Is Incentive Compensation a Giant FIB?

Harvard Business School professor Mihir Desai believes American companies and investment firms have erred–horribly–by linking manager compensation so tightly to financial market performance. In the current Harvard Business Review, he identifies this as a giant FIB, a Financial Incentive Bubble:

American capitalism has been transformed over the past three decades by the idea that financial markets are suited to measuring performance and structuring compensation. Stock-based pay for corporate executives and high-powered incentive contracts for investment managers have dramatically altered incentives on both sides of the capital market. Unfortunately, the idea of compensation based on financial markets is both remarkably alluring and deeply flawed: It seems to link pay more closely to performance, but it actually rewards luck and can incentivize dangerous risk-taking. This system has contributed significantly to the twin crises of modern American capitalism: governance failures that cast doubt on the stewardship abilities of U.S. managers and investors, and rising income inequality.

Mihir has nothing against well-functioning financial markets. He emphasizes that they “play a vital role in economic growth by ensuring the most efficient allocations of capital,” and he believes that capable managers and investors should be “richly rewarded” when their talents are truly evident.

The problem is that incentive compensation based on financial performance does a lousy job of distinguishing skill from luck. In finance-speak, managers and investors often get rewarded for taking on beta, when their pay really ought to be linked to alpha. In practice, luck gets rewarded with undeserved windfalls (that are by no means offset by negative windfalls for the unlucky). And that, he argues, results in an important “misallocation of financial, real, and human capital.”

Well worth a read.

5 thoughts on “Is Incentive Compensation a Giant FIB?”

  1. It’s really difficult to find a better economic bomb to destroy capitalism. Link performance to pay and institutionalize the peter principle, along with golden parachutes and crony capitalism and a revolving door between wall street and washington d.c. and voila. The 2nd great depression holds us in it great arms bear hugging us into economic death.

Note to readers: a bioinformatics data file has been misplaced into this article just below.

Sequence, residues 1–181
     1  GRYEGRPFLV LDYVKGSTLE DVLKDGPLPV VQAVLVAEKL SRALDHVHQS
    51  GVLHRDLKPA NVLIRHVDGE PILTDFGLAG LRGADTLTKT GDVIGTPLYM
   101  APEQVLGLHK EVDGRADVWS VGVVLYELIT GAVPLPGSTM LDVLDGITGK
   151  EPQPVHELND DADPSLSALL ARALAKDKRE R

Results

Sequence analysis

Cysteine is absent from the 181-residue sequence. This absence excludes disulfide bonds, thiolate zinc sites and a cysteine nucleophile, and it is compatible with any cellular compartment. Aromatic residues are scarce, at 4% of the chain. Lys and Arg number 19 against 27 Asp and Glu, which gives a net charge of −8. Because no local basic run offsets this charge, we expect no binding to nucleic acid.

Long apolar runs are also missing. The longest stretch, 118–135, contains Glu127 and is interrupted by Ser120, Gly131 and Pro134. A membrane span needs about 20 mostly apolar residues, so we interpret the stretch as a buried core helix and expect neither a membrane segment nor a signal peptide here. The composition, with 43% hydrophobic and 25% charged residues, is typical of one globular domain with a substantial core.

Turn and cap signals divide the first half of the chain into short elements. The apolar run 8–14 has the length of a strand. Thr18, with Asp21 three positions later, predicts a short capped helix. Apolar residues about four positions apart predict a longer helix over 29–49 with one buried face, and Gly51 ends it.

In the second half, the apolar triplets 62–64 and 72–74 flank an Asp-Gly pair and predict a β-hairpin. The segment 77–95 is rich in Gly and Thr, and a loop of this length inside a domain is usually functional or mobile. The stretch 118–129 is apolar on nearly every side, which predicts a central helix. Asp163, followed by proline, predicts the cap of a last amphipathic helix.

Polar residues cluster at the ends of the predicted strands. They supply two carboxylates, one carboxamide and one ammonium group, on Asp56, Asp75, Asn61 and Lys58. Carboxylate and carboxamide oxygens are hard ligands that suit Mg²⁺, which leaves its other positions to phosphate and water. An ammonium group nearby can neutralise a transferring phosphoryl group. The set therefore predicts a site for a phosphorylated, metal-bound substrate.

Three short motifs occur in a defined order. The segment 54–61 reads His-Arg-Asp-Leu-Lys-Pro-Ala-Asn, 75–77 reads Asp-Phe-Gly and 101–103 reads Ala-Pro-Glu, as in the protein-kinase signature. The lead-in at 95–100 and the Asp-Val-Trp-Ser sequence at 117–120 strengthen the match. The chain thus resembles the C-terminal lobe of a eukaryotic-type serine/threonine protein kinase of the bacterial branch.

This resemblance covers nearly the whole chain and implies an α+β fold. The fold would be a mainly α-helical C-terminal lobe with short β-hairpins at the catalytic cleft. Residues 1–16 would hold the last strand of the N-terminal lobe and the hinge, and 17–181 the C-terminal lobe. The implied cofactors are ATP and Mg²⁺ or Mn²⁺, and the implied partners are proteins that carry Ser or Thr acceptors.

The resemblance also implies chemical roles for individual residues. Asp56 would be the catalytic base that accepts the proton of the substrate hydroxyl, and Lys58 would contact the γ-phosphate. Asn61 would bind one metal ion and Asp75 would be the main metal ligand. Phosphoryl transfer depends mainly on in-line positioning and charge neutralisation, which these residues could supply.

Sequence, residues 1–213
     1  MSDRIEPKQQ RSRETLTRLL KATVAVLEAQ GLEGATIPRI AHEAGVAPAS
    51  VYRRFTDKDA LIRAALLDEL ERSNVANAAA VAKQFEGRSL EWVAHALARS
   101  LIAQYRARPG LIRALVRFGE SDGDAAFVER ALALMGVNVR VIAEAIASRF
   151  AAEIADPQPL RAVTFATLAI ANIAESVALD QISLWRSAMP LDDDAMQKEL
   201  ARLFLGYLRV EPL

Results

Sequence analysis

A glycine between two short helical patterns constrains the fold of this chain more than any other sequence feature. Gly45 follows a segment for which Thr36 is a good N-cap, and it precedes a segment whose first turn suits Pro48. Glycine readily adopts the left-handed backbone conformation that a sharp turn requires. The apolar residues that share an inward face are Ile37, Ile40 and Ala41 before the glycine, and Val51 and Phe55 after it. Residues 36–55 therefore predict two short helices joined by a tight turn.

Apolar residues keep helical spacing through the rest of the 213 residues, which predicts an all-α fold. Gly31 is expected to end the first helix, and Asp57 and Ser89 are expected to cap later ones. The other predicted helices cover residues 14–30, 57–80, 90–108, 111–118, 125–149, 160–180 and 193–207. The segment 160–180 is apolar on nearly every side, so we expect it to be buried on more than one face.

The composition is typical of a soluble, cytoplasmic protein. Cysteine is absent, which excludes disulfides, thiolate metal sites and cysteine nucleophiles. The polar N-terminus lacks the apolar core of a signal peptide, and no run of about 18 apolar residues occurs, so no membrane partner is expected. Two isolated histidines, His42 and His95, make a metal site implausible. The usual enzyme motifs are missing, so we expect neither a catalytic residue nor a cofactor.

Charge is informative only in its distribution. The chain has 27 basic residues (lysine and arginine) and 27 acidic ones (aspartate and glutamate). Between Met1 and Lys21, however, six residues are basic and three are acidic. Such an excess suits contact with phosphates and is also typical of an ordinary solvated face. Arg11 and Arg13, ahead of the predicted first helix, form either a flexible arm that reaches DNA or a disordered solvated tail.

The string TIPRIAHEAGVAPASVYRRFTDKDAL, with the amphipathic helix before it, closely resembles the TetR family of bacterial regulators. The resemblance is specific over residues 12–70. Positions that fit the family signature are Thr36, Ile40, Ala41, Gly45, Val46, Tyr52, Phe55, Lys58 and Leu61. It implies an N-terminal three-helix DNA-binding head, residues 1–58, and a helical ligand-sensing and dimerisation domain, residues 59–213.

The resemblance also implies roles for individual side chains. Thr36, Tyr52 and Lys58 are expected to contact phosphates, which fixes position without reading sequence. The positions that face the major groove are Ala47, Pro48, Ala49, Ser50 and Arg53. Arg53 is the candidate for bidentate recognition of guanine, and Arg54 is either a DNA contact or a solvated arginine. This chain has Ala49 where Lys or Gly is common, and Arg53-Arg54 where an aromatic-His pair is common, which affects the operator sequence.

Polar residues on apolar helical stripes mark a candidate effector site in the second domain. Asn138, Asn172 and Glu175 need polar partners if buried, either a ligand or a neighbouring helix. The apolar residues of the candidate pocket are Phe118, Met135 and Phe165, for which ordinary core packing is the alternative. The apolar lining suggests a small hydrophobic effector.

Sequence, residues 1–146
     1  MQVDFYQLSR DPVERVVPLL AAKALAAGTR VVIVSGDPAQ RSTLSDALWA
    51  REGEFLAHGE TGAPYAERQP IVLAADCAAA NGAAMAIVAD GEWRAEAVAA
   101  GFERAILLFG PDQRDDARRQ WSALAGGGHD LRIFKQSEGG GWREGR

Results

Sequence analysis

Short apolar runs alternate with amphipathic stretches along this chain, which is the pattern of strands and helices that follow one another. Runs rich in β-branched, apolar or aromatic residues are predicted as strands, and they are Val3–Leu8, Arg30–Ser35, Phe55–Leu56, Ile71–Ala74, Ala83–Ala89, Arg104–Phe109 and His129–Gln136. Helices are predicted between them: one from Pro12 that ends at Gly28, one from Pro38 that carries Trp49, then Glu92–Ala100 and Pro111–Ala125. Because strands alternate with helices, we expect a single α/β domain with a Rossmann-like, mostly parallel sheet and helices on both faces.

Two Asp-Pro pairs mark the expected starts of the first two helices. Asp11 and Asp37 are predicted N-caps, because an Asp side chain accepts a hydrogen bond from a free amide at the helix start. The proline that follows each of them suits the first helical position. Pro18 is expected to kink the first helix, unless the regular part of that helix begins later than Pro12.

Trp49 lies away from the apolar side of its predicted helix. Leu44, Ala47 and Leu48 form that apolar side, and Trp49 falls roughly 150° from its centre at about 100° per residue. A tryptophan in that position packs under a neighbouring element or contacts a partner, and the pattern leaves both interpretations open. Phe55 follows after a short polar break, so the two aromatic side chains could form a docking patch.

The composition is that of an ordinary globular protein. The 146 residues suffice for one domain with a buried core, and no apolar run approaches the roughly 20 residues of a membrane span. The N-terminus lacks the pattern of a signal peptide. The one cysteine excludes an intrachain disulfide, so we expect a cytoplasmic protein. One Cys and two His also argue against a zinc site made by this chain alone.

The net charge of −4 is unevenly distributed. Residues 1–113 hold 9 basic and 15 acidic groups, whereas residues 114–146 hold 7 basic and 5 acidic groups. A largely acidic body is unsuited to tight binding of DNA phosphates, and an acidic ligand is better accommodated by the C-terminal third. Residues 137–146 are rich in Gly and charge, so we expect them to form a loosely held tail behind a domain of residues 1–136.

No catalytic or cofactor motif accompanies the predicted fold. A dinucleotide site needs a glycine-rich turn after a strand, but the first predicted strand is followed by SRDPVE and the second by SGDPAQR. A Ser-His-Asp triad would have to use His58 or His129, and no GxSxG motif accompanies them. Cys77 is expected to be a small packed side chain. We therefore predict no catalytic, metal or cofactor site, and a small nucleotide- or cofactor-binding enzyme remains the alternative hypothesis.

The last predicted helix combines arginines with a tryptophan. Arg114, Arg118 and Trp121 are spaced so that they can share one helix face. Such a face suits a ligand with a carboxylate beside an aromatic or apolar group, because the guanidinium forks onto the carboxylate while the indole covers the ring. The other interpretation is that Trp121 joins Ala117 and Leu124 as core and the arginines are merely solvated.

Oh yeah outsource all industries and as many professional services as possible to 3rd world slave states and communist nations. A mr. Lenin once said, “The Capitalists will sell us the rope with which we will hang them.” – he may not have been an economist, but he certainly understood the blind greed that drove our once great nation to the ropes.

    Marry it to a fiat currency and a financial system composed of highly leveraged derivatives and how can we not succeed in destroying capitalism? Isn’t it funny? It wasn’t the communist who were our greatest threat, it was the capitalists. The irony is wrenching. I’d be laughing if I weren’t living in my car and living off scrap metal collecting.

  2. There’s an interesting take on this sort of thing in Susan Cain’s book “Quiet: The Power of Introverts In A World That Won’t Stop Talking.” Our culture is in LOVE with extroverts. While applying to college, I had to assert that I’m a “LEADER!” and a “RISK TAKER!” even though I’m not really either of those. In the financial world, lucky risk-takers were rewarded and contemplative, cautious, and quiet people were shoved aside. The culture of rewarding the reckless loudmouths smothered the risk-averse “cops” who were more tentative in their transactions. In order to change the incentive mechanism, we’ll have to work harder to change the culture in general – the instant gratification culture that flies by the seat of its pants. See page 162: http://books.google.com/books?id=uyjf3uaQ4TwC&printsec=frontcover&dq=susan+cain+the+power+of+introverts+books&hl=en&sa=X&ei=zuJdT7-KHIS-0AHowfSzDw&ved=0CD0Q6AEwAA#v=onepage&q&f=false

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